Confession of Thomas Frere.
A letter to Bordeaux, the French embassador in England.
The hopes of seeing you here are soon changed; and the news, which you send me in yours of the 22d of the last month, doth cause me to believe, that your business will not be done so soon as you expected, since your island doth dispose itself to become suddenly the theatre of the new and dreadful revolutions. As for the commotions of France, they never happen but once in an age; and if you will recall your memory upon our histories, you will find this to be a truth; but England is not so stable and constant; and one might say of it, with more justice than what Tacitus speaketh of the Frenchmen, quietis impatiens, novorum avida; and I do not admire at the presages of those novelties and commotions in that island, and at this conjuncture, the government of that state being put upon them by their force and violence; and it is impossible it can subsist without some notable change and revolution.
Mr. Thomas Wilson to secretary Thurloe.
Your's I received this evening, as also that dated upon saturday last, and am very much troubled (and have beene ever since the receipt of your's upon the Lord's day) at Wright's being released, especially considering that perticular bloudy designe you mention.
Sir, I consesse I wrote not immediately to your selfe or the councell, of haveing this Wright in custodie heere, but I presume the governor did let you understand so much, I giveing an account unto him constantly of every person that came over, and whome I secured, and this Wright among the rest, about a weeke agoe, and that which gave me the jealousye to secure him, which was a desire to returne backe from whence he came, and speedily to returne hither (as he pretended) on his merchandizinge affaires from Rotterdame; whereupon I told him, he gave me a just ground for suspition, and that I would secure him, untill I returned his name and carriage, whereat I perceived a trouble of spirit upon him, therefore was the more carefull of him; but upon the commissioners receipt of that commission from his highnes, that Wright amongst the rest, (I being not then present with the commissioners, nor they knowing any thing against him, that gave them ground of suspition, and the said mr. Day whom in your last you mention) ingageing for him, and signifieinge to the commissioners his knowledge of him (as the commissioners told me, after I had shewed them your's dated saturday last, of which they were very sorry and sensible) was released. I wish with all my heart I had beene there, but there was a crosse providence therein. I trust the Lord will graciously disappoint his horrid intentions. I must consesse, of all the men that ever I secured, both formerly and now, at first I was not more unsatisfied in a man, then in him; but I hope it will be a faire warning for the future to us all, that have to doe therein.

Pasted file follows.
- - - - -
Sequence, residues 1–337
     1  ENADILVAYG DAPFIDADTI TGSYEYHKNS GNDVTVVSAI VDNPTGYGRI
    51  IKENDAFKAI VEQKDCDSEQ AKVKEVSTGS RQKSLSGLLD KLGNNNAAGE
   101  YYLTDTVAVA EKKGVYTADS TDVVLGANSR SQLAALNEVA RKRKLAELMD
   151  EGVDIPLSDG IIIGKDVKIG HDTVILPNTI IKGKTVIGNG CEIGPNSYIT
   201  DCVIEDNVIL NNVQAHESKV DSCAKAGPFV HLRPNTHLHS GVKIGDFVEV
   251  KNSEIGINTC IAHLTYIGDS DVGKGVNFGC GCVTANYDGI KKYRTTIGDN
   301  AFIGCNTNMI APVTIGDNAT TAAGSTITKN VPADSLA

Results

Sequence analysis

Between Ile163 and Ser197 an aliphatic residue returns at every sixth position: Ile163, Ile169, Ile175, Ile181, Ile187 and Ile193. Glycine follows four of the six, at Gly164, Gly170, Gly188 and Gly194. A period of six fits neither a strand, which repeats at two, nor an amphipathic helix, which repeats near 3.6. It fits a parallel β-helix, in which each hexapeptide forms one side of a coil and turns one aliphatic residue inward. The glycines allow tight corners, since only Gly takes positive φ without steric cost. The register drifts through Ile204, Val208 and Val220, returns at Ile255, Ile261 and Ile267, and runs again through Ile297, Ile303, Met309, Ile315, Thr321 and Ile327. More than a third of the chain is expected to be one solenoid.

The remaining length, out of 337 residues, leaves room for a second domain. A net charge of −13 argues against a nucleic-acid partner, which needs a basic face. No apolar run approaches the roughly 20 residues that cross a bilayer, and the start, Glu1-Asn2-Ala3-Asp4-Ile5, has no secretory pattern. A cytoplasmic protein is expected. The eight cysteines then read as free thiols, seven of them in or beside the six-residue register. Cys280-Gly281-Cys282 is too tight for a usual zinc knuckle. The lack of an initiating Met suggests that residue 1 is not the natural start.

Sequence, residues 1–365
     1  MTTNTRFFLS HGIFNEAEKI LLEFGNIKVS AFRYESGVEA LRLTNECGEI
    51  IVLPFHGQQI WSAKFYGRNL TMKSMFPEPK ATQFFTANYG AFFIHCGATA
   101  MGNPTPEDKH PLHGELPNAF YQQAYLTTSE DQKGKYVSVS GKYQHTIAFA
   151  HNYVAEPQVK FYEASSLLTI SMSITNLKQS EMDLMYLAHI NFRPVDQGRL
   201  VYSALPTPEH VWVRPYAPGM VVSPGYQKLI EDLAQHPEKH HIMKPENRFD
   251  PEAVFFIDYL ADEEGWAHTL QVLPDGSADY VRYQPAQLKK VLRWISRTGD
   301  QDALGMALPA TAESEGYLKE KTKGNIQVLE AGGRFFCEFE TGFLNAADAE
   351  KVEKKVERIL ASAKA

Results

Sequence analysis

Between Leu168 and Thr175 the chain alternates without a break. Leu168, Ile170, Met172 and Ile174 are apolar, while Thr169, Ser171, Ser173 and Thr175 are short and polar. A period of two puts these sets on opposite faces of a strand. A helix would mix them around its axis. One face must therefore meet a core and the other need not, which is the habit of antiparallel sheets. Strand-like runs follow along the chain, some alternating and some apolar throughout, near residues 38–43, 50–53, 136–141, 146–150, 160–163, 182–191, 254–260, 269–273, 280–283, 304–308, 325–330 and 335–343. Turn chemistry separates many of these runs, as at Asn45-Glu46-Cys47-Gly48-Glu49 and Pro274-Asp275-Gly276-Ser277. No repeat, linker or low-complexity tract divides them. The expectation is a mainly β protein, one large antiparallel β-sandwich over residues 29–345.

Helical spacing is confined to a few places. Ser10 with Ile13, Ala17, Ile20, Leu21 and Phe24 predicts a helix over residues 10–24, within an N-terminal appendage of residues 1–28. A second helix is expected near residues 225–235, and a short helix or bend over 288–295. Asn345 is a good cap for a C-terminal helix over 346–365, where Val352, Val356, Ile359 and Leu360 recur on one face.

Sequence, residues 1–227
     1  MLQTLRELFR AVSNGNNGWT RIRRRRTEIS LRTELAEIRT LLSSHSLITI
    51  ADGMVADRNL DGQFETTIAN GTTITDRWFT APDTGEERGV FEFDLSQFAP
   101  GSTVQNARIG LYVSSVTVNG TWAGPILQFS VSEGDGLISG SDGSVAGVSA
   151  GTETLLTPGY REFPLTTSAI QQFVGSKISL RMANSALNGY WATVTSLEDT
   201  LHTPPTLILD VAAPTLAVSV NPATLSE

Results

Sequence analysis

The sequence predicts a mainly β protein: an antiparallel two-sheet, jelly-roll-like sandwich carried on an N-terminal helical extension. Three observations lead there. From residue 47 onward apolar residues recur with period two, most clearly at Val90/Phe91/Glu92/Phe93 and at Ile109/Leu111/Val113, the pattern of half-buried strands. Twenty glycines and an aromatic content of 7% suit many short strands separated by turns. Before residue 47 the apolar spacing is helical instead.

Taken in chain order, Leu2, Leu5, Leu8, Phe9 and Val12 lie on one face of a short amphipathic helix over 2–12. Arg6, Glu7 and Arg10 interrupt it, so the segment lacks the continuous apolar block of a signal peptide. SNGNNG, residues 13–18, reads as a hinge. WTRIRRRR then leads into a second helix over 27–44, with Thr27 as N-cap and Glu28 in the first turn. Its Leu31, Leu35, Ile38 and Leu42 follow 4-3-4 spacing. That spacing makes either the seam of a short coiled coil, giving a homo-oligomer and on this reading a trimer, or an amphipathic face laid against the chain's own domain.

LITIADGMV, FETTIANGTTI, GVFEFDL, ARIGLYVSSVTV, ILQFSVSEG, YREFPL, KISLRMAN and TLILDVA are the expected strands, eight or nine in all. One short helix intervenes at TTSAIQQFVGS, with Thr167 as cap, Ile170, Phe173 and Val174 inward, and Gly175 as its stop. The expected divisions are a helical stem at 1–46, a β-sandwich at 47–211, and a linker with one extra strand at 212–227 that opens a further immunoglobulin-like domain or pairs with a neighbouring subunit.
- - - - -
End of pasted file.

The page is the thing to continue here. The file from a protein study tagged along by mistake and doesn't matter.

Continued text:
Sir, I shall let the gentlemen understand, what his highnes pleasure is in relation to the revokeing of his last order to them, and I shall improve my utmost care and diligence to observe the contents of the former order, and to let you receive a constant account of all persons, which are to be staid and secured, as that order directs and injoynes. Sir, be pleased to excuse this lardge returne: I conceived it both my duty and necessary: those persons yet in custodie heere (of which I have given you an account by the governor) shall be safelie kept, untill I know your pleasure concerning them. Not haveing else further to give you trouble, I remayne,
This night there came from Callis, in the French packett-boate, three passengers, one Peter Middlethorp, a Dutch merchant in Hamborough, who is going to London about his occasions there, as he pretends. Hee is well knowne to mr. Youngrix, a merchant in Dover, and hath ingaged under his hand for his safe abideing in towne heere, untill I receive an order or answeare from you about him.